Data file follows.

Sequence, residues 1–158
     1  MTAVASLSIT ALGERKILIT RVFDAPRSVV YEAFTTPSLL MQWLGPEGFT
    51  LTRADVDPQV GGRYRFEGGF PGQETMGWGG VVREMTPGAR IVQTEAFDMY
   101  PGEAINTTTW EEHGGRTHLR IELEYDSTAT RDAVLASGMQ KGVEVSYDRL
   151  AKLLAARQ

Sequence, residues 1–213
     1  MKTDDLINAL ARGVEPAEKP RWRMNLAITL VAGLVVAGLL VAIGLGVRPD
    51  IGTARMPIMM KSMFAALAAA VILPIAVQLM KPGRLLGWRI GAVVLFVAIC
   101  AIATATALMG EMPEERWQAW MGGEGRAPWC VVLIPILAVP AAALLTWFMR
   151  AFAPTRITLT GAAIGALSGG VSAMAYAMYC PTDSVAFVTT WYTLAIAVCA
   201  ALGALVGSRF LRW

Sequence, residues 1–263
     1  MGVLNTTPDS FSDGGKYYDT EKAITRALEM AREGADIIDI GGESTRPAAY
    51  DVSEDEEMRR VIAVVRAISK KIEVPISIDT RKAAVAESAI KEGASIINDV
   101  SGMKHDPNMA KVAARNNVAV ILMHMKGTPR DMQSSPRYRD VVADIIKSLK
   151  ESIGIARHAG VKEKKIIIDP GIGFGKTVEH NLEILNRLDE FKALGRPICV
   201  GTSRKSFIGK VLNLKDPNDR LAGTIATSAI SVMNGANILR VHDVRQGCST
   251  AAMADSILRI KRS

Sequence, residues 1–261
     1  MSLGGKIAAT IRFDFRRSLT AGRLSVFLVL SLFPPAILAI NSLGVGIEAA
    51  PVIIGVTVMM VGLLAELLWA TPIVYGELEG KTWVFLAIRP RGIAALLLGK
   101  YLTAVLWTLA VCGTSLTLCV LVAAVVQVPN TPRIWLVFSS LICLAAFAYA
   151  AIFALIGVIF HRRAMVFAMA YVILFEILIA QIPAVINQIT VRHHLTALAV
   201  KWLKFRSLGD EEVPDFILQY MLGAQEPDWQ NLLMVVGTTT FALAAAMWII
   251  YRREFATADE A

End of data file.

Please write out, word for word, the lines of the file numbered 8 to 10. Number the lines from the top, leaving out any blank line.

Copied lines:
    51  IGTARMPIMM KSMFAALAAA VILPIAVQLM KPGRLLGWRI GAVVLFVAIC
   101  AIATATALMG EMPEERWQAW MGGEGRAPWC VVLIPILAVP AAALLTWFMR
   151  AFAPTRITLT GAAIGALSGG VSAMAYAMYC PTDSVAFVTT WYTLAIAVCA